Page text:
- The following example illustrates the potential accounting difficulty that can arise from an equity based transaction. Assume that Charity A wishes to maintain a fundraising ratio of less than 25%. In 2015, A raises $100 and has fundraising and administrative expenses of $20. In 2015, A spends $20 for funding academic research and spends the remainder of its available funds, $60, to fund early stage research through a start-up company in which it receives preferred stock in return. As the accounting rules are generally applied, the $60 equity investment would be treated as a capital expenditure and excluded in determining A’s fundraising ratio. Thus, for 2015 A’s administrative and fundraising ratio would be $20/$40, or 50%, obviously a ratio far exceeding A’s goal. If to the contrary, A had chosen to make its venture philanthropy investment on a royalty basis, the expenditure would have been treated for accounting purposes as program related and its fundraising ratio for 2015 would have been $20/$100, or 20%, well within A’s goal.
- Of course the above is a highly simplified example, and charitable organizations often make equity based investments in combination with other investments that in the aggregate such investments do not have the dramatic adverse effect illustrated in the example.
2. Another possible disadvantage of equity based investments is the effect on the financial statement if the funded research fails and the stock received no longer has value, which very often is the case. This loss of value would be reflected on the funding foundations income statement, while a similar research failure in the event of a royalty based investment would not be shown.
The above questions are all quite astute and deserve more in-depth discussion of various issues. Since FasterCures asked me for succinct answers, the above responses must necessarily be in summary form and cover only the most obvious issues. All issues should be considered in the context of the unique facts and circumstances presented.
In follow up to FasterCure’s March 12, 2015 webinar on venture philanthropy deal-making, Ken Schaner is featured in FasterCures’ most recent blog post, which can be found here. The post discusses characteristics of a venture philanthropy deal.
Hundreds of listeners from nonprofit foundations, industry, and academia tuned in March 12 to learn about the growing trend of venture philanthropy in medical research from legal experts, foundations, and companies. “This [venture philanthropy] is not at all a new phenomenon, but the Cystic Fibrosis Foundation’s recent return on investmentfor Kalydeco has placed a magnifying glass on this model and raised new questions about the structure and impact of these deals,” Moderator Margaret Anderson, executive director of FasterCures, pointed out in herintroduction. “We created today’s discussion to provide a practical, ground-level view of what these deals look like, the impact they’re having, and what the potential partners in deals like these need to know.”
Defining characteristics of a venture philanthropy deal
While FasterCures subscribes to a more expansive definition of venture philanthropy that encompasses a variety of strategic approaches, for the purposes of this Webinar we focused in on the strict definition: nonprofits funding for-profit companies. Even within that strict definition there is debate about its meaning; speaker Kenneth Schaner of Schaner & Lubitz, the lawyer who has worked for more than a decade with the Cystic Fibrosis Foundation(CFF) on its successful venture philanthropy deals, noted that even he and his partner have differing definitions. Schaner identified the main element of a venture philanthropy deal as being return on investment, which can take several forms, including capital gains on an equity stake, interest on a loan, and (most commonly) royalties upon achievement of milestones of success.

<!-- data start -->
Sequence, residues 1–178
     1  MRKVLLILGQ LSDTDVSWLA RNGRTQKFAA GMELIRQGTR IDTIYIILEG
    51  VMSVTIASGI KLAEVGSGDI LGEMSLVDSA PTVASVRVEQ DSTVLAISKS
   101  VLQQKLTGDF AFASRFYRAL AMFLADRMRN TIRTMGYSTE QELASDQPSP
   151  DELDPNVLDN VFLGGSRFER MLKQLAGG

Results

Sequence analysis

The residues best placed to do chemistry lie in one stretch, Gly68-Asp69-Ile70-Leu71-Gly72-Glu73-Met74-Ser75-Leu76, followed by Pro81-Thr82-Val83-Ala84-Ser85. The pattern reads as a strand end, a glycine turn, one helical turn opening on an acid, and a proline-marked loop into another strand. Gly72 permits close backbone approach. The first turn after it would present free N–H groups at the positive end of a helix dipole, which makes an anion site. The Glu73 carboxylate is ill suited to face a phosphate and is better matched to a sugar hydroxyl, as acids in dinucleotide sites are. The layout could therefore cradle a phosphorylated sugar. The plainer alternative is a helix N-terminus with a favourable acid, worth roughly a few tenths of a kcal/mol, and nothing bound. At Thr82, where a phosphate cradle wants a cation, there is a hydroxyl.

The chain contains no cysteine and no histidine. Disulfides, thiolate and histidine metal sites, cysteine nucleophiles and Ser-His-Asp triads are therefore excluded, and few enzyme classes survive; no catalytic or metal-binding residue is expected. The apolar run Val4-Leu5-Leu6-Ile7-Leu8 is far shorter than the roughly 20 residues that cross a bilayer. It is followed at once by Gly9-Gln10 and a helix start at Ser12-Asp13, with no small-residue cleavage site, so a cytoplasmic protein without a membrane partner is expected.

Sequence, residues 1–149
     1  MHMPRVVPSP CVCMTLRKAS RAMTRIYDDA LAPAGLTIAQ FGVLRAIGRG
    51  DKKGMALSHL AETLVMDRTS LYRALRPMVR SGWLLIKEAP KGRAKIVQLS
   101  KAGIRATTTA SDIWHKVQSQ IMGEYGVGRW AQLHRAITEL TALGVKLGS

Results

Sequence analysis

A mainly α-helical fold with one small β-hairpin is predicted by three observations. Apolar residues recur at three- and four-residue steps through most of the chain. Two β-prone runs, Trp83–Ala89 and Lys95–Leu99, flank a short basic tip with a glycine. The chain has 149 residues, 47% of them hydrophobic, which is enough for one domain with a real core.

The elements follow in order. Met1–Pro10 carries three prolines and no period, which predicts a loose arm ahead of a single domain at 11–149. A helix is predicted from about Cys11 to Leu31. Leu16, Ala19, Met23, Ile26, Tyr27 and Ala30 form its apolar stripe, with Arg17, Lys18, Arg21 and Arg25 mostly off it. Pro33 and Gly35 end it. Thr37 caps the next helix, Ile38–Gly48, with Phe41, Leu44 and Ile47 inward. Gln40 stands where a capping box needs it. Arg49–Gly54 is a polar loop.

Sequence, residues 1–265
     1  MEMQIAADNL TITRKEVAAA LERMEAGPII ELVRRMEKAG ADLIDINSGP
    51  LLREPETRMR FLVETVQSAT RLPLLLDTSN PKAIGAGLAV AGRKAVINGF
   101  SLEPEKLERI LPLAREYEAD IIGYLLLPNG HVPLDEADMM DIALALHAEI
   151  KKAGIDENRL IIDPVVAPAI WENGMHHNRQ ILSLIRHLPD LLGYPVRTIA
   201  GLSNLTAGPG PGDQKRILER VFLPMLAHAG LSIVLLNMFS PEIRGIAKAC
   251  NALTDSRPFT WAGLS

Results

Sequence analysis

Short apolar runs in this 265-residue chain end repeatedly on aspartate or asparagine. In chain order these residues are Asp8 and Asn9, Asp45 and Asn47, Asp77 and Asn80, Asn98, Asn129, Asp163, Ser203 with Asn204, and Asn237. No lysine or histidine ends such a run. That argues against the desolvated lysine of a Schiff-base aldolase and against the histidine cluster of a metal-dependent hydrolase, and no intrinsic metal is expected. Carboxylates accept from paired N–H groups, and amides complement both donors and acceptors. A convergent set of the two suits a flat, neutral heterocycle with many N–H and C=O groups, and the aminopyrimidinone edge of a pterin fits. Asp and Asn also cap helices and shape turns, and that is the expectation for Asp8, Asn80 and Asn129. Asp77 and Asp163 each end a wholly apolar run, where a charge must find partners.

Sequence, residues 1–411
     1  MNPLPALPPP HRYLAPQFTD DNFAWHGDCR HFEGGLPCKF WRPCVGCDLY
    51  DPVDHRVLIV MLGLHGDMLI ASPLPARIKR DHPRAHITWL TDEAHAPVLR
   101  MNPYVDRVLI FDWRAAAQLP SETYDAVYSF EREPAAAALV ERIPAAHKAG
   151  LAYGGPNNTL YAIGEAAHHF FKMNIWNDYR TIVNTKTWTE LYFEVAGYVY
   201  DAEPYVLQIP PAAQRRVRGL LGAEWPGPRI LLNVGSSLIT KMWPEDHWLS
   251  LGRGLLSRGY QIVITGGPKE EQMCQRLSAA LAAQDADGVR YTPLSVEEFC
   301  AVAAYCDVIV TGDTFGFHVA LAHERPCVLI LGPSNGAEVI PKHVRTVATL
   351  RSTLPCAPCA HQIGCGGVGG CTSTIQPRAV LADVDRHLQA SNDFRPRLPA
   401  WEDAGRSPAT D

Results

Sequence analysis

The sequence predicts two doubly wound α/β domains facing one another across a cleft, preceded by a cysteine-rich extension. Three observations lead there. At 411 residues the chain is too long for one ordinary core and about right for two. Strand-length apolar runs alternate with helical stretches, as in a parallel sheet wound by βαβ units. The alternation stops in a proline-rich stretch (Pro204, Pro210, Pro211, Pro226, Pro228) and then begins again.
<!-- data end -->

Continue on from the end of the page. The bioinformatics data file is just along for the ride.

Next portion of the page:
Schaner briefly reviewed the history of venture philanthropy in medical research, which began with CFF’s initial investment in Aurora Biosciences in 1998 (Aurora was later acquired by Vertex Pharmaceuticals). He emphasized the fact that it took 15 years for that investment to produce a product (Kalydeco, a breakthrough for CF patients) and a return, underscoring that venture philanthropy is a long-term proposition for foundations, and the risk of failure is high.
Offering some practical insights into structuring these deals, Schaner noted:
- Deal sizes are typically between $200,000 and $150 million.
- Royalties are usually capped; for smaller awards (under $6 million), they are most often a multiple of the funding provided (four to six times), with additional royalties if sales are higher than anticipated.
- An interruption license should be considered to ensure an asset can continue to be developed even if shelved by the company or if the company goes bankrupt.
- Foundations should pay close attention to the definition of “the field” in the contract.
Size doesn’t matter
Schaner summed things up by saying the CFF experience has been a wonderful thing for the foundation and the patients it serves, as well as for other foundations by demonstrating the important new roles they are playing. But he actually doesn’t like to use it as an example, since there are relatively few foundations that can afford to invest at the level of CFF. “When I do a transaction that’s $200,000 it has the same potential for helping a project get past the Valley of Death [as a $150 million investment]. Don’t be discouraged that you can’t invest this kind of money. You can invest less and still get great results for your patients.”
Download Partner Ken Schaner’s webinar (PPTX): Mitigation of Risk in Venture Philanthropy Transactions
View the presentation (PDF): Unlocking IP: A Legal Roadmap for Non-Profit Disease Funders